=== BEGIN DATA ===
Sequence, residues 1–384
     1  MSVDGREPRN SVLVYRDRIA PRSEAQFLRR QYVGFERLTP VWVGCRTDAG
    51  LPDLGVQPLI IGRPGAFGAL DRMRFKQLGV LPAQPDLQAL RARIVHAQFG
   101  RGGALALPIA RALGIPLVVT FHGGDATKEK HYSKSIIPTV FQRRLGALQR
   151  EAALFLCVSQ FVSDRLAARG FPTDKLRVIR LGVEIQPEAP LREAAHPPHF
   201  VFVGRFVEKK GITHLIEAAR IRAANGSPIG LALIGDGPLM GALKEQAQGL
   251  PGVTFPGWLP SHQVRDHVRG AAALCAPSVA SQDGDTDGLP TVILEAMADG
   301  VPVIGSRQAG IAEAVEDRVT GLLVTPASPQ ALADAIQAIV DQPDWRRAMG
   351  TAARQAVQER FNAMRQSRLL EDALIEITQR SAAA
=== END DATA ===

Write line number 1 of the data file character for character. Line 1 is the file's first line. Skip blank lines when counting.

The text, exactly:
Sequence, residues 1–384